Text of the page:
Tuesday, June 26, 2012

Great Regulars: Not all the poems in Address are politically charged,

although most contain a provocative statement within them, urging the reader to action, to challenge a given stance, or at least to more closely examine one's own. As [Elizabeth] Willis asserts in "Sonnet," "None of this is free." No statement, claim or response is unhampered by beliefs or biases, or outside of the political-economic system in which we toil--every person at some point finds one's self called to defend their work, and to have their surroundings reflect it accordingly.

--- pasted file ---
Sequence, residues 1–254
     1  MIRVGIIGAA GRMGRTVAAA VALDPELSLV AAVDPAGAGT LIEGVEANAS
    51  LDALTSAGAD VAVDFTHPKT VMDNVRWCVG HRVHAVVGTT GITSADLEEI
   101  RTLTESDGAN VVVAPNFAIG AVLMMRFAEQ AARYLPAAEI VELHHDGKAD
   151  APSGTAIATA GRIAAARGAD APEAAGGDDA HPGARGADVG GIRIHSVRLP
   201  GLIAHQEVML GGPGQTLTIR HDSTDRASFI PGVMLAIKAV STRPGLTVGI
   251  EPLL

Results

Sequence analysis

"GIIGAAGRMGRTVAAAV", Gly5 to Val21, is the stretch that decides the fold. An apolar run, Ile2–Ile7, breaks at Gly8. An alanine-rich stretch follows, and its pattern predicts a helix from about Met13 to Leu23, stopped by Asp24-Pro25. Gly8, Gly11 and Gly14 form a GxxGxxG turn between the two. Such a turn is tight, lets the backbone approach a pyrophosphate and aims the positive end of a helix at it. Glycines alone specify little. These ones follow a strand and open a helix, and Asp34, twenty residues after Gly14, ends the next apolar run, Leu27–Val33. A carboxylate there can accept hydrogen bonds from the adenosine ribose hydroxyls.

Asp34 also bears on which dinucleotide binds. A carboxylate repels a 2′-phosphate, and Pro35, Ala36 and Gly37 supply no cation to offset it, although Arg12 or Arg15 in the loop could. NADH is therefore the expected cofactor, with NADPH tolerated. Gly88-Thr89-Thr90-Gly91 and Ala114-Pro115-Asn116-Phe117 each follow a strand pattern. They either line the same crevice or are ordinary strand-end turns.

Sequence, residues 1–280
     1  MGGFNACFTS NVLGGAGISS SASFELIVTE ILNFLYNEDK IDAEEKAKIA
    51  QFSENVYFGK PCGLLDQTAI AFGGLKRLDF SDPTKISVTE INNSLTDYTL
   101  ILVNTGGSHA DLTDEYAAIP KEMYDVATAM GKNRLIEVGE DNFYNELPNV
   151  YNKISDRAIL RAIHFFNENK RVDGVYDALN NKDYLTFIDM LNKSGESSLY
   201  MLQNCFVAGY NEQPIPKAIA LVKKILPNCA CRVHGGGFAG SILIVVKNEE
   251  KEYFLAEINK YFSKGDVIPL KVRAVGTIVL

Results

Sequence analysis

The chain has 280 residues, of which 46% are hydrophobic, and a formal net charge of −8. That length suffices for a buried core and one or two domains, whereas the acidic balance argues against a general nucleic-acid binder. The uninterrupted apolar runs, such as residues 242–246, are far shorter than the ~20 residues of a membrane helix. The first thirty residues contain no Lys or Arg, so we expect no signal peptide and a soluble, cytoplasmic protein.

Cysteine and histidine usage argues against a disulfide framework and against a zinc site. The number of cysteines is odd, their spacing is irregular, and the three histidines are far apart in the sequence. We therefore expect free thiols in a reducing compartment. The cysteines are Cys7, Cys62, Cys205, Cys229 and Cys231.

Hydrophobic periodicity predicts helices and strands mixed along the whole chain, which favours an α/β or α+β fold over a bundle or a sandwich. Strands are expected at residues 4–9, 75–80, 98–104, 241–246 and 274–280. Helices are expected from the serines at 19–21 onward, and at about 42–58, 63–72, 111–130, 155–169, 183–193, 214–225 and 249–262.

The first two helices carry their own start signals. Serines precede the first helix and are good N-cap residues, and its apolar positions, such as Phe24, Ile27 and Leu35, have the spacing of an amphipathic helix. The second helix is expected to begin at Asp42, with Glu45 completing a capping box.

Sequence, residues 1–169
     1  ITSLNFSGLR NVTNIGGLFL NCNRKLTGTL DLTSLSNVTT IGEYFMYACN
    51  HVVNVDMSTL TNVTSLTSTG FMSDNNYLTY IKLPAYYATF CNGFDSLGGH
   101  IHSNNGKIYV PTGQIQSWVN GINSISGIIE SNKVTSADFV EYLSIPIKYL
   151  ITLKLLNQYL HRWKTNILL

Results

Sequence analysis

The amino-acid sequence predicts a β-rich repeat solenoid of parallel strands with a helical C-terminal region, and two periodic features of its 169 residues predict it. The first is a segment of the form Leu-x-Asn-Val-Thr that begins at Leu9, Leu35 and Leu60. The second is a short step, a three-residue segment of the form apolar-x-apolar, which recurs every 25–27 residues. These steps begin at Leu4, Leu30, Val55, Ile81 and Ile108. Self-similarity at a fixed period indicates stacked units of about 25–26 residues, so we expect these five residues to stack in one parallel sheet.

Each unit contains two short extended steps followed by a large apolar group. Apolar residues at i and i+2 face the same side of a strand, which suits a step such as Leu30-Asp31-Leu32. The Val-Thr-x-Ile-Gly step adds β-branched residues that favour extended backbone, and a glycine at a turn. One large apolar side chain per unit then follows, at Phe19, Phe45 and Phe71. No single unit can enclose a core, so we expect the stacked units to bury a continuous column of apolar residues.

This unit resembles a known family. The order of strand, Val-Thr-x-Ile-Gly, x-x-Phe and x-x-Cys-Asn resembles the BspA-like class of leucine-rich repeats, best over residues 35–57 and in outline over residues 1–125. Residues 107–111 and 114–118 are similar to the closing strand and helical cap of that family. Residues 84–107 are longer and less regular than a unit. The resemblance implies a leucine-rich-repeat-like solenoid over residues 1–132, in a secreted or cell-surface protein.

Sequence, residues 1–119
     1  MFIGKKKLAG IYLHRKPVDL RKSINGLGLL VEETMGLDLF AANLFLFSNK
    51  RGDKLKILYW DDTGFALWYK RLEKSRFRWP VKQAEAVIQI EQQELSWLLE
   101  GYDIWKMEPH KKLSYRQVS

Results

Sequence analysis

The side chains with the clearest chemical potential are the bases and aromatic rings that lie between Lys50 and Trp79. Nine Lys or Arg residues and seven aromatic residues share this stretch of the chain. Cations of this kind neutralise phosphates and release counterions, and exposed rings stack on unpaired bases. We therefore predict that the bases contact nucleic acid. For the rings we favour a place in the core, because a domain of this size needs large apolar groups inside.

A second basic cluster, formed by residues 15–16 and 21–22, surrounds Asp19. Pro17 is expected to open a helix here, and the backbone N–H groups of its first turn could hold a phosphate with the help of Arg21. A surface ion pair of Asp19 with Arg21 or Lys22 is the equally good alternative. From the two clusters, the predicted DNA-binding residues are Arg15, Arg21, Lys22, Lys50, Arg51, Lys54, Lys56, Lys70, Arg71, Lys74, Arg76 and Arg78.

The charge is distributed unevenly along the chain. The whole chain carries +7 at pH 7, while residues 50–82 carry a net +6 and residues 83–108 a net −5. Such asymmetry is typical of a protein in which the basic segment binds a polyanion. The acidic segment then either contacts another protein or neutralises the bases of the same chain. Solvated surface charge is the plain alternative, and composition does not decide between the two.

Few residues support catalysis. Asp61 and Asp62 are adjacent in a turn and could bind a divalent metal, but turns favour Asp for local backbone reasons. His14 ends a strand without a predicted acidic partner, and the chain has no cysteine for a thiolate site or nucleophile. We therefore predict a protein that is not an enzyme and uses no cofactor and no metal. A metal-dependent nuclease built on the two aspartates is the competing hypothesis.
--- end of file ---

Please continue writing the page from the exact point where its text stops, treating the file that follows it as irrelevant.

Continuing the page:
from Powells: Review-A-Day: Abigail Licad on Elizabeth Willis' "Address"


The poem "The Dilemma of Lois Lane" falls somewhere in the middle of these two poems, mingling the human and superhuman as the speaker is a woman in love with a superhero. Lois Lane muses on what it was like to first realize her Clark Kent was really Superman: she realizes his eyes will always be bright, his hair will always curl, and his body will always be "as solid as diamonds" (p. 38). However, she pretends those certainties are not real, because she prefers the reality of the human Clark Kent, and wishes he could

from Powells: Review-A-Day: The Human in the Superhuman


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